I climbed the slope hurriedly. Further east and along the rising crest of the small mountain a white flag bobbed in the thick cover. Gaining a vantage point I glimpsed horns. I raised my .270 and fired.

           After the shot I could see nothing. I found the buck's track but no blood. It entered thick brush, and I circled to pick it up. I soon came to where the track crossed through a small saddle to the opposite slope of the low mountain.

           Below me I could see Chuck and Pedro. "See a deer?" I shouted down.

           "No," he called, and even as he answered I heard a scrambling on the slope not seventy yards from where I stood. The buck!

           I brought my gun up for a quick, left-handed shot. The brush was so thick I could not see the effect of the shot. Chuck saw him at the same time and opened up with his new 30-OG, a special feature for this trip.

           "Wham!" the rifle echoed into the slope. Chuck jerked the bolt. "Wham!"

           "Think I connected," he yelled from below. I took the track. About a hundred and a half yards along the track, I came upon the buck, dead! It was drilled very neatly through the heart.

           Chuck arrived breathless from his speedy ascent, fondling the firearm that had downed the close-to-200-yard running shot. It was a masterpiece of bullet placement.

           Pedro wormed his horse up the slope through the dense brush and took the deer carcass across his lap, carrying it to the foot of the steep down slope where he hung it from the horns in a low branch of a mountain oak. We could easily pick it up on our return.

           Returning over the crest to get my horse I had a chance to look the deer tracks over more closely. Making a half effort to ferret out the buck's route, I suddenly realized there had not been one deer, but a herd of three.

           Judging from the tracks, there was another buck and a doe. My eyes jumped to an ocatillo stem along the tracks. A fleck of blood - I had scored after all!

           Vaquero Guadalupe and I spurred our horses forward, following the tracks along and down our mountain, along a narrow connecting ridge to the slope of the next mountain. Here we dismounted.

           We split, to converge later on the mountaintop, about a half-mile distant. About half way to the top I heard a deer bucking the brush ahead. Knowing the deer was perhaps only fifty yards away; I felt a helpless impotence at not being able to see over the brush.

           I ran along the slope to the right until I came to a steep ravine leading down from the summit. Below, the ravine grew into a canyon. At its head was a saddle in the mountain crest. I started for the summit.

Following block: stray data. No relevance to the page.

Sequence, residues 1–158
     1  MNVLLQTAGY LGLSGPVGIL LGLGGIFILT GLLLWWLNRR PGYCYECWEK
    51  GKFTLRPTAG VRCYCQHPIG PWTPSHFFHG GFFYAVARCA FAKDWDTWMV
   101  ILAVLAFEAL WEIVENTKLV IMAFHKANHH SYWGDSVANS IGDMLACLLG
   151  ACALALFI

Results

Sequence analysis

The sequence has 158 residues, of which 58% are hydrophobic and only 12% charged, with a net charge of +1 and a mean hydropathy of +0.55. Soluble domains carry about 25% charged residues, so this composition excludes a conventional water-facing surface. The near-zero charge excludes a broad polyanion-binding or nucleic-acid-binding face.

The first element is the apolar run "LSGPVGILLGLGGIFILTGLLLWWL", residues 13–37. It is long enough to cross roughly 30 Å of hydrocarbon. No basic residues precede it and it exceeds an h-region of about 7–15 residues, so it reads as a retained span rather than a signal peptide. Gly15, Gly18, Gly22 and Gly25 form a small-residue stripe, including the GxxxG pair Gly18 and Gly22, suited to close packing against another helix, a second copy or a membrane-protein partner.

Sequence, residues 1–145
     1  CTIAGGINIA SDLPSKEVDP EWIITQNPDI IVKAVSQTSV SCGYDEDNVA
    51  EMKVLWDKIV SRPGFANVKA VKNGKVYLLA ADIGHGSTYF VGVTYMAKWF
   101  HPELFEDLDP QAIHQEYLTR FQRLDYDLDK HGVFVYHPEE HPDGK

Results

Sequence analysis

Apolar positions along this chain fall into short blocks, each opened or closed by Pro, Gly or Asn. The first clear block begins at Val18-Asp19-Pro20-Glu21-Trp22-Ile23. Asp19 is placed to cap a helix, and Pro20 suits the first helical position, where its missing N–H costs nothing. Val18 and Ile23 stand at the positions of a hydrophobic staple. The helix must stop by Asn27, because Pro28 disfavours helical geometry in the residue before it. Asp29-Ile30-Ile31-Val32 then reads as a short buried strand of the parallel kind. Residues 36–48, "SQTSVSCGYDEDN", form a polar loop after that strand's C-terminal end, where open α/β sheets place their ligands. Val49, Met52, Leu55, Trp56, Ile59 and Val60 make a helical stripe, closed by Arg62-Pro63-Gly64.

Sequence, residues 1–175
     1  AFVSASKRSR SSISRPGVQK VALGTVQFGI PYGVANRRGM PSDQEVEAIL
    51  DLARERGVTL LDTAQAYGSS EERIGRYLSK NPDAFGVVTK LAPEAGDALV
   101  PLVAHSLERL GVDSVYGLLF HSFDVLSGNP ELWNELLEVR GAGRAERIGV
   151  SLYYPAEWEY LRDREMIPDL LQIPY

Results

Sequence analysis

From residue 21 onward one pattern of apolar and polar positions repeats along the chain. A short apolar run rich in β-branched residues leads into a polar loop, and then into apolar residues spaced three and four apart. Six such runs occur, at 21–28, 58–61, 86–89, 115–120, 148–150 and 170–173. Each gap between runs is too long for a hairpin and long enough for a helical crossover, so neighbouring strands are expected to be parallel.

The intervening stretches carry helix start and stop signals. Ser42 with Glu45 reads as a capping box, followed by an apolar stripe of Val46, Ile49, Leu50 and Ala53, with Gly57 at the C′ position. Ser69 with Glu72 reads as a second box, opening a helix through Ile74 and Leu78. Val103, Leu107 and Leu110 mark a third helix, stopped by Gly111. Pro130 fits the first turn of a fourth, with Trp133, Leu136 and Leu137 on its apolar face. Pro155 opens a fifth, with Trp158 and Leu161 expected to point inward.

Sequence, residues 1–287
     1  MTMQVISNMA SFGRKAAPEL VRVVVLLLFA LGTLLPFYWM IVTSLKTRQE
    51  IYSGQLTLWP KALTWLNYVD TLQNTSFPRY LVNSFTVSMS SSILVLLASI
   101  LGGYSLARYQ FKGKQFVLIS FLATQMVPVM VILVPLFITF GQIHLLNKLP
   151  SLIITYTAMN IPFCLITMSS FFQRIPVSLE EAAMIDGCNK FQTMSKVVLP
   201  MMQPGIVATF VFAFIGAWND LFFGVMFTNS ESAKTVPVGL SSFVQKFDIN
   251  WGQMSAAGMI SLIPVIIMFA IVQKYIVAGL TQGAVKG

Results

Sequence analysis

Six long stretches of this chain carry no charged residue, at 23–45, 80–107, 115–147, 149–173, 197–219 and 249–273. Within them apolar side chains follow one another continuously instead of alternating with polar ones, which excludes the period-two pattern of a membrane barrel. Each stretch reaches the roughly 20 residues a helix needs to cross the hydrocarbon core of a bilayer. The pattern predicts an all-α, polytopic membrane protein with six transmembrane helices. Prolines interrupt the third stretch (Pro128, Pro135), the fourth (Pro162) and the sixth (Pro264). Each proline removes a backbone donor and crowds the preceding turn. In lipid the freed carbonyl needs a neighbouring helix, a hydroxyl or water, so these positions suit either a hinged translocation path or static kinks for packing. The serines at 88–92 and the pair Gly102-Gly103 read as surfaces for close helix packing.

Barely had I climbed thirty feet when I heard a noise in the saddle. Guadalupe had frightened the deer back. I froze, gun with safety off and ready to shoot. In about two minutes my chance came.

           The deer were slipping down the other side of the ravine; a heavy bush. I knew in a flash that he had winded me.

           He was perhaps ninety yards away, ordinarily a set-up. But though I was positive he was behind a certain bush, I could not distinguish an outline. When he left his concealment I knew he would bolt downhill and I resolved to shoot first.

           Dropping to sitting position, a favorite stance when shooting across to another slope, I drew careful bead and squeezed the trigger.

           The rifle roared and I felt the punch of recoil. For a moment there was not a movement. I though, "Seeing things; there's nothing there!"

           Thirty seconds. Then a collapse from behind the bush. Sliding into the ravine and puffing up the other slope I found my little buck. Shrapnel had split off the bullet as it shattered on the brush and peppered the deer's hide.

           Tying a white kerchief on a Palo Verde limb so I could find the carcass easily. I left for the mountaintop to signal my companion. Across on the opposite mountain I spotted two large, tawny animals loping up the thinly covered slop. Soon Guadalupe was beside me.

           "Lioness," he explained when I pointed out the buff colored pair. "I found their tracks all along the two mountains. They were hunting our deer. You do not mind eating a limb for dinner, do you, Senor?"

© 2003 Chronicles of Bob